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Our Tax Expert Group, in conjunction with our Share Schemes Expert Group, has prepared and submitted our annual proposals for taxation reform to the Chancellor of the Exchequer ahead of the Autumn Statement and 2017 Budget. 

Our proposals are designed to help inspire private sector growth and employment and focus on three key areas:

  • Creating a simple and reliable tax system – We suggest creating a small-cap threshold that exempts small and mid-size quoted companies from tax legislation that imposes a disproportionate compliance burden. We also propose introducing a binding, paid-for clearance/ruling process, a withholding tax relief regime applicable to interest payments and other provisions that further simplify our tax system with regards to transfer pricing, size tests, the tax treatment of employment income clawback and the process of electronically registering employee share plans.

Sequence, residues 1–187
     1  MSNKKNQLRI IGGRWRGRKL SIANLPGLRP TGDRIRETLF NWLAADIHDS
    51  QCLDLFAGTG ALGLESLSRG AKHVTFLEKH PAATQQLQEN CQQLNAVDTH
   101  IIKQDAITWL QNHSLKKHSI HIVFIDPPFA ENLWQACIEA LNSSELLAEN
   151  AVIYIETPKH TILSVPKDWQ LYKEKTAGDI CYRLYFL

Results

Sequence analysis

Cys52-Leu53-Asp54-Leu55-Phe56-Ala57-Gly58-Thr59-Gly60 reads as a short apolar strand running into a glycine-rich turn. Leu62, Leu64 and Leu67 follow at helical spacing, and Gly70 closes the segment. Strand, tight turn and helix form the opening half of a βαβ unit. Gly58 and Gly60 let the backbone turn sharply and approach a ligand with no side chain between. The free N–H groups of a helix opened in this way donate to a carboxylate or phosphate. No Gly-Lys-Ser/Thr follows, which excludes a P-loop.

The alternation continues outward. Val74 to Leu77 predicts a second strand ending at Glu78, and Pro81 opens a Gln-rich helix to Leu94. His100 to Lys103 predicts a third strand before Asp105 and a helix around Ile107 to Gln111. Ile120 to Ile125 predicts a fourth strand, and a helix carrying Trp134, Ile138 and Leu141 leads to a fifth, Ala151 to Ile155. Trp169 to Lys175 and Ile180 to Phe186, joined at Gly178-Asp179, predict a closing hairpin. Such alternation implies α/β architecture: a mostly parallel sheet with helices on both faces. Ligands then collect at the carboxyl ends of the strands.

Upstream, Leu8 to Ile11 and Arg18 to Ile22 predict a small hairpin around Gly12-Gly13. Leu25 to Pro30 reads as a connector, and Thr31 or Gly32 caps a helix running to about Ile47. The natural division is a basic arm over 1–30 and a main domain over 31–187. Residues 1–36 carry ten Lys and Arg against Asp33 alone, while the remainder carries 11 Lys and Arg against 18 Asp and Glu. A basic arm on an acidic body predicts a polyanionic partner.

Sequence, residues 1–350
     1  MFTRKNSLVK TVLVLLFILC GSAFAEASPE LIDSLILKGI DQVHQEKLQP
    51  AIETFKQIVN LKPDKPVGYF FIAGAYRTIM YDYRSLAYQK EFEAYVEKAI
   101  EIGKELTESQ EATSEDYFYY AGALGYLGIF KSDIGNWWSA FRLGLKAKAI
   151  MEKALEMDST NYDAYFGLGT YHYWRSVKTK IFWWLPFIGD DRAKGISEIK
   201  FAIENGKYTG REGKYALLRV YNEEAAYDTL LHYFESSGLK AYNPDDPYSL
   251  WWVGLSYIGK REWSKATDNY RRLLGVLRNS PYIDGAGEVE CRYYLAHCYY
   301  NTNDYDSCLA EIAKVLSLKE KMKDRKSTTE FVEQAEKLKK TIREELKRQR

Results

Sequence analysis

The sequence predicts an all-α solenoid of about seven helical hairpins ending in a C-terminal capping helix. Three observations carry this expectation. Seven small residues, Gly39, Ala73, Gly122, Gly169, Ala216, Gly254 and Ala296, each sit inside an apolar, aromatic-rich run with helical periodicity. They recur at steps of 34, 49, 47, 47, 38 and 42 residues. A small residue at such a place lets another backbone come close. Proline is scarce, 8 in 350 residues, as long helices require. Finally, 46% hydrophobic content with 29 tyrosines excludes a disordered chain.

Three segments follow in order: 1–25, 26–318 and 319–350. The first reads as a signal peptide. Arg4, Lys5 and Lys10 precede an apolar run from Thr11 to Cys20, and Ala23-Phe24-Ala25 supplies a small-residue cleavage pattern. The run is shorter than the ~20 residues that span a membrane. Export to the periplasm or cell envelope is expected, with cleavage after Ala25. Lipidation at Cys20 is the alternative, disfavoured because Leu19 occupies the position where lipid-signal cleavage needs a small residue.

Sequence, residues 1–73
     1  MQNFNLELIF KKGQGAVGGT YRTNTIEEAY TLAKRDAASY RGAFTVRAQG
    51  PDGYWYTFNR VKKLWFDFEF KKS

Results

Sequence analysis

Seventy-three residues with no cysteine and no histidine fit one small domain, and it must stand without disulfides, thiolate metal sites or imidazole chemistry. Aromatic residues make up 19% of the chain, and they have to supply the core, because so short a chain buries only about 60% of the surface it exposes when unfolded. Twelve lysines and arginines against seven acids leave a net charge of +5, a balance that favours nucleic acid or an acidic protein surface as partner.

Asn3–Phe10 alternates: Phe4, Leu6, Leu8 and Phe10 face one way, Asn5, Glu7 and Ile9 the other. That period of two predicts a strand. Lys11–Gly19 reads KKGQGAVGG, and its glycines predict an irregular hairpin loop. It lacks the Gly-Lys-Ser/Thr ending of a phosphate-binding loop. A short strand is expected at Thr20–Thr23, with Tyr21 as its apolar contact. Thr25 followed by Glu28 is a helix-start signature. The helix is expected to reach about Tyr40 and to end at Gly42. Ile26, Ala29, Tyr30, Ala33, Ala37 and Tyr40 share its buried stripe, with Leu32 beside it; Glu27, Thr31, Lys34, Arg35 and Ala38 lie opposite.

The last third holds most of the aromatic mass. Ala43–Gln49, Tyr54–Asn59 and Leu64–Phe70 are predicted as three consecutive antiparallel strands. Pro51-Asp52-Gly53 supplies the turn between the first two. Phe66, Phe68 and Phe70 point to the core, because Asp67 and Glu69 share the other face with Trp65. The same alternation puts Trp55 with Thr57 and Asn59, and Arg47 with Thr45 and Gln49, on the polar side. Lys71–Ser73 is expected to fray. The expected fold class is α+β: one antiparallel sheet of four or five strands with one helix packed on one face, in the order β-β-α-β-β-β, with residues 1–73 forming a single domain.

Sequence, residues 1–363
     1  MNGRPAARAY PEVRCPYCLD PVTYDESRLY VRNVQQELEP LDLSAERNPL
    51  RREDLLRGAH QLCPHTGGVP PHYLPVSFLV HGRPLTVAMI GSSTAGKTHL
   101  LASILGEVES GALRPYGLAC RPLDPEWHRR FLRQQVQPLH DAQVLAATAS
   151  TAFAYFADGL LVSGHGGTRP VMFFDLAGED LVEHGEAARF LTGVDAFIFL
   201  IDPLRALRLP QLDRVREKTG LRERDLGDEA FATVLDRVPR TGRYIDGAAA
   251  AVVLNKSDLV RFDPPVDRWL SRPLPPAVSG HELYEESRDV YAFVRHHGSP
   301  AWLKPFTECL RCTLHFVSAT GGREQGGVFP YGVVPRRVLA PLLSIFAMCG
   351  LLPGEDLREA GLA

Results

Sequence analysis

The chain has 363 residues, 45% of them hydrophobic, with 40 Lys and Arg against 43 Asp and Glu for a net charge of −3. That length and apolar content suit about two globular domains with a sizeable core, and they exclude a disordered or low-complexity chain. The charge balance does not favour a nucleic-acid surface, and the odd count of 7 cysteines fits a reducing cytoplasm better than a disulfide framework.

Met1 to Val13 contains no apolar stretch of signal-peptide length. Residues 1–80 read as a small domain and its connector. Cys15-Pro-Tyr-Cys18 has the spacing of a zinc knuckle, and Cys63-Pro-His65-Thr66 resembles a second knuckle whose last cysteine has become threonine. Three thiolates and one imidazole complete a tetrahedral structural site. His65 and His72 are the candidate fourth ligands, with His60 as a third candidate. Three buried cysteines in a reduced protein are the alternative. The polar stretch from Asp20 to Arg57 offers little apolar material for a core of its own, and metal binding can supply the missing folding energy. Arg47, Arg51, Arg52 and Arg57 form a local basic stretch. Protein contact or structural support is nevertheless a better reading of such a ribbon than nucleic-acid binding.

• Encouraging long-term investment and funding for growth – We encourage the removal of the arbitrary 5% threshold for capital gains tax Entrepreneurs’ Relief in respect of shares held by employees/officers. We propose alternative measures to mitigate the negative effect of the 5% test on small and mid-size quoted companies such as aligning the treatment of Enterprise Management Incentives (EMI), Save As You Earn (SAYE) and Company Share Option Plan (CSOP) share option schemes and extending Entrepreneurs’ Relief to earn outs. We also propose the extension of the EMI size qualification criteria, amending the 5% test so that it is more consistent with the substantial shareholdings exemption, relaxing some of the requirements of the CSOP to encourage further employee share ownership and enhancing the rules for using the Enterprise Investment Scheme (EIS) and Venture Capital Trusts (VCT).
  • Creating a level playing field for equity and debt – We suggest making the costs of raising equity tax deductible in order to encourage more companies to raise equity finance. Alternatively, or as a potential transitional measure, we propose that the cost of raising equity could be deductible by being included within the £2 million de minimis threshold.

To read our Budget Representations, please click here.

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